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There’s no such thing as a good books app


Ben Williams is the Publisher of The Johannesburg Review of Books. He's formerly the Books Editor of the Sunday Times and the General Manager for Marketing at Exclusive Books.

Ben Williams looks askance as another app hoping to capture book lovers’ interest tries to get off the ground.

This is an appreciation column for all the efforts undertaken around the world on behalf of books and literature that are not related to the creation of yet another doomed books app.

Ok, that’s not correct. It’s really an exasperation column, occasioned by my bewilderment at the recent, rather splashy announcement of, you guessed it, a new app for books, whose promises are as empty as a public library at midnight. 

We’ll get into the particulars of why this new app will never take flight, but the main reason is that there’s simply no such thing as a good books app. There never has been, and there probably never will be.

By “books app” I don’t mean, of course, an app for reading books. There are several good reading apps, not least those made by Kindle and Kobo. Thanks to these apps, reading a book on a screen — even one as small as one’s phone — is now at least as pleasurable as watching a symphony in a cinema. 

Nor, by “books app”, do I mean apps that have been fashioned out of works that previously came in book form, like dictionaries. I use several such apps, including — one of my favourites — the Newman’s Birds of Africa app. With the Newman’s app on my phone, it’s never a case of too late the Cisticola. (That’s an extreme South African literary-twitcher joke that I really oughtn’t to have attempted, but on the other hand, why not download the app and get to know the sweet family of Cisticolas, also known as tinktinkies and klopkloppies, a bit better? Go on, it’s never too late, pace Paton, to make some new feathered friends.)

No, by “books app” I mean an app whose aim is to replicate the strange, mazy magic by which a new book appears on your radar and, eventually, in your hands. The two main ingredients that go into producing this minor miracle are curation, usually supplied by booksellers, and word-of-mouth recommendations, usually supplied by family or friends.

In the last fifteen years, many, many digital initiatives have striven to find an algorithmically-enhanced formula for replicating this miracle online. Most have failed and are no longer with us. Of the three that have come the closest – and don’t appear to be going anywhere – two have books nowhere near their core business models. These three are, in order of importance: TikTok, Facebook and Goodreads.

There’s your competition when entering the books app space. Fairly stiff.

Goodreads probably comes the closest to providing an in-the-round concierge discovery service for book lovers, but since its acquisition by Amazon in 2013, it has become unpleasantly promotional, with authors and readers constantly striving to shout the loudest. The app will do, but it’s a poor substitute even for the small-stakes serendipity offered by an indie bookshop’s modest “New Arrivals” table.

TikTok and Facebook, meanwhile, enjoy the conversational authenticity that Goodreads lacks. Much as we might dislike the companies that run them, these two apps are quite successful at forging human connections. At the core of these connections, of course, is trust. We trust a recommendation from a Facebook friend or a TikToker we follow as much as if it were to arise in a real-life chat over a cappuccino.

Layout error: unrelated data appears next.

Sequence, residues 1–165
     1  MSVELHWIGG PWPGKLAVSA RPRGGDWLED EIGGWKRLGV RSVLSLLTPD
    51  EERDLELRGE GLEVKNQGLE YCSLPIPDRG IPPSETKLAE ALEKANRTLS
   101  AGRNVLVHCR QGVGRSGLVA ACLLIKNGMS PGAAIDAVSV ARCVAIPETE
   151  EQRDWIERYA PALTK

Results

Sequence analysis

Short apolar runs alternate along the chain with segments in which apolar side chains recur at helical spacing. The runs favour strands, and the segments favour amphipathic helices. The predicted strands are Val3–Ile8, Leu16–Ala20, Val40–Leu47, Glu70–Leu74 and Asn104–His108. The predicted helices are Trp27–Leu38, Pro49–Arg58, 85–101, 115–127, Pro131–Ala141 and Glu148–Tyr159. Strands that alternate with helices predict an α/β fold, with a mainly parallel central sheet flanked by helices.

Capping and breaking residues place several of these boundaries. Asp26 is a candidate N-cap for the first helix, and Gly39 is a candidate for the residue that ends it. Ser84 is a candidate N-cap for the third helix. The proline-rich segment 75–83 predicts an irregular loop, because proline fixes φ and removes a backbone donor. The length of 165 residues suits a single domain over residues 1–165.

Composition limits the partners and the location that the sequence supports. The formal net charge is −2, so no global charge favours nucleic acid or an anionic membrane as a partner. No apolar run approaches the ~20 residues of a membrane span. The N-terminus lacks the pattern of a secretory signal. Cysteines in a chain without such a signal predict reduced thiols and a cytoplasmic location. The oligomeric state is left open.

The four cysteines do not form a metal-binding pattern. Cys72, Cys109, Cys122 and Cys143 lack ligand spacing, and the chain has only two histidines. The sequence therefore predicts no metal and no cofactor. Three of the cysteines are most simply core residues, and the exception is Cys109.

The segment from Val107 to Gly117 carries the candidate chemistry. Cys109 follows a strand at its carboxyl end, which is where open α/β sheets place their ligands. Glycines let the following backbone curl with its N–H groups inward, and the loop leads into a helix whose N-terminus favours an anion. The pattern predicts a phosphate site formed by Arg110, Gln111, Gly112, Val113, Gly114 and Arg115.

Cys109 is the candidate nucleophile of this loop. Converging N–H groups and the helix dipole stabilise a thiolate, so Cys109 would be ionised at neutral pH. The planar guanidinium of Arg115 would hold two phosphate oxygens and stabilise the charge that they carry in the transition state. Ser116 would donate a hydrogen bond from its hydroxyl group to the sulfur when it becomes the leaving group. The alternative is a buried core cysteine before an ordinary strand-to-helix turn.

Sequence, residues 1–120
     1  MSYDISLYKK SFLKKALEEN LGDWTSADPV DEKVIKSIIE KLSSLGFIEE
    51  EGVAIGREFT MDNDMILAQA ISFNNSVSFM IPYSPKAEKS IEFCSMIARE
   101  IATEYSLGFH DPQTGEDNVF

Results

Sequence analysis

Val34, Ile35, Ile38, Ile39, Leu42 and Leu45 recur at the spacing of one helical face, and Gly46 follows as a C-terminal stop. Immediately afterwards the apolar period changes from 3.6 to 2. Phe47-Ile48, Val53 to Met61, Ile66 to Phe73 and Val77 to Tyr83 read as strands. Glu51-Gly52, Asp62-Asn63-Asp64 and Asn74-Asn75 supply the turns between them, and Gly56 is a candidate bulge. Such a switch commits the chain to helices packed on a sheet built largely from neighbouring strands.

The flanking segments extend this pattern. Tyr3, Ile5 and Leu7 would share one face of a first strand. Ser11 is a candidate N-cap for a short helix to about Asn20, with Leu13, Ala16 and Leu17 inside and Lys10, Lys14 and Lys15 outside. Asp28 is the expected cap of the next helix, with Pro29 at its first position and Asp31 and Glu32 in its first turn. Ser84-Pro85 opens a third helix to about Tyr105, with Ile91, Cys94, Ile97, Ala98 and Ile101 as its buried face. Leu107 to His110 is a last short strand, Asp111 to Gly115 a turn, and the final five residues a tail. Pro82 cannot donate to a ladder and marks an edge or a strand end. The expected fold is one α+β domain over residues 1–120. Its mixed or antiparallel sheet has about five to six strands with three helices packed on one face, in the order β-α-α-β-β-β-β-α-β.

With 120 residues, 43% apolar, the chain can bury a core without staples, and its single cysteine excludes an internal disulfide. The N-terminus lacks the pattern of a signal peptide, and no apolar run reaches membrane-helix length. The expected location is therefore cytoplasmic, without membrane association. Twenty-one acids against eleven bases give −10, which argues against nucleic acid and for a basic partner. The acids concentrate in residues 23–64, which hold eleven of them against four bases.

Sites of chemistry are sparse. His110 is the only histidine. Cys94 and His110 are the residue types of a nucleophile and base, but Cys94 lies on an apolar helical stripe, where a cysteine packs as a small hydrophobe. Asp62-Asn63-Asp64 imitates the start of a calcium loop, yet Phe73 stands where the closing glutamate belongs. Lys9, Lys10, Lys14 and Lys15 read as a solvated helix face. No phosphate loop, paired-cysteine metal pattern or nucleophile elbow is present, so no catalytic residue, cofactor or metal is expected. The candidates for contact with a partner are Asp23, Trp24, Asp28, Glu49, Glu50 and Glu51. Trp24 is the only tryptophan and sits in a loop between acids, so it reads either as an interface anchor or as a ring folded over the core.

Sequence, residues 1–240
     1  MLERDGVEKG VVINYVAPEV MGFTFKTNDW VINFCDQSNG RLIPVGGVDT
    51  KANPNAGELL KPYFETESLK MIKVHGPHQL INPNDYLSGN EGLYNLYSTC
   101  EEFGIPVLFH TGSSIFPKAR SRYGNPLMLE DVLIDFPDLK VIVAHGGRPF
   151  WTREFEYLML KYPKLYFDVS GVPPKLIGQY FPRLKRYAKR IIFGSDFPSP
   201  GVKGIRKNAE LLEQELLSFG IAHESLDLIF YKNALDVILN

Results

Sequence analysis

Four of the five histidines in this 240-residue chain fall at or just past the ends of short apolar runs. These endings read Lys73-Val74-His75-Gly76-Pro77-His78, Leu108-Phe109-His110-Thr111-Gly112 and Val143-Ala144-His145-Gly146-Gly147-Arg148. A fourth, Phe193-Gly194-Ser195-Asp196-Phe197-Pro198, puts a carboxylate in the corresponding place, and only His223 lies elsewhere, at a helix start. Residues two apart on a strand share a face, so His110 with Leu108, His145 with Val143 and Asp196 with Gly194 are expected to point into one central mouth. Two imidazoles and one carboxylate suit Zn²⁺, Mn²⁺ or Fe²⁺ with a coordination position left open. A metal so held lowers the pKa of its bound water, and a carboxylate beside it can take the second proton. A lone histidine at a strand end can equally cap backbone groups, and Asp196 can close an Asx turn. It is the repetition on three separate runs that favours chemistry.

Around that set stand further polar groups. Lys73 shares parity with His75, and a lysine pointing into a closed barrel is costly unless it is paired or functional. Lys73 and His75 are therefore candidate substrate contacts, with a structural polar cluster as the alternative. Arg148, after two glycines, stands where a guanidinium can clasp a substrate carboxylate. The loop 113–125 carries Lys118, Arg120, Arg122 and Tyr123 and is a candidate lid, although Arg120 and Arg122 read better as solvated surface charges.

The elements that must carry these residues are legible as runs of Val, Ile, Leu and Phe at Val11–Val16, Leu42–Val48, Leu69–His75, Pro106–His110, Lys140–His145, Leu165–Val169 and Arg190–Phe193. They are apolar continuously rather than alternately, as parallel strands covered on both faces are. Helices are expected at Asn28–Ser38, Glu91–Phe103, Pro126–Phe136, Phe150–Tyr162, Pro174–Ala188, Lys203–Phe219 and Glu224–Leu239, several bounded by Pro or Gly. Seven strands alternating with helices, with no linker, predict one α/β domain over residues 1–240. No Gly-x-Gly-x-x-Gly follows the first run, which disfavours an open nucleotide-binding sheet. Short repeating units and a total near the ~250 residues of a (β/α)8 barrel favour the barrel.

And there’s the rub. Any successful book app must seek to foster human connections first. The design must prioritise the interpersonal over the product. But the latest major-league attempt at such an app — which hasn’t even launched to the general public yet, though it’s already enjoyed a feature in The New York Times — remains product-centric. Its aim is to connect people to books, or, in its own words, to “serve up book talk from across social media, podcasts, and the web — all in one app which incorporates seamless book purchasing”. 

For pity’s sake, people don’t want seamless book purchasing. People want seamless kinship with other people, which is why TikTok is the current undisputed heavyweight books app champion of the world. Folks connect there; book buzz is the happy byproduct.

The new app hoping to generate buzz of its own, called Tertulia, is backed by the Ingram Content Group, a book distribution behemoth that provides the backbone for dozens of book retailers, including Amazon itself. For my money, Ingram would have been better advised to invest in a web-based online bookseller than what seems to amount to Goodreads 2.0.

I’ve mentioned Tertulia only at the end of this column because I don’t want to encourage the folly, and you’ll probably never hear of it again, so no real notice of what the app is called needs to be taken. There’s just no such thing as a good books app. Trust me, a reader who has signed up for literally all of them over the years, then discarded them one by one, in favour, always, of returning to the human spark. DM/ ML

Ben Williams is the Publisher of The Johannesburg Review of Books.


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  • Is there a “Books app” in which the subscriber names 3 or 5 books one has really enjoyed, and (after asking you whether you have read and would rate out of 10 another 5 or 10 “probable” likes), gives you a list of books (algorithmed from your own list and your rating of its possibles list) which it has worked out you should enjoy reading?
    There are music sites like this, and Netflix tries its best with movies etc.
    Who does this for books?

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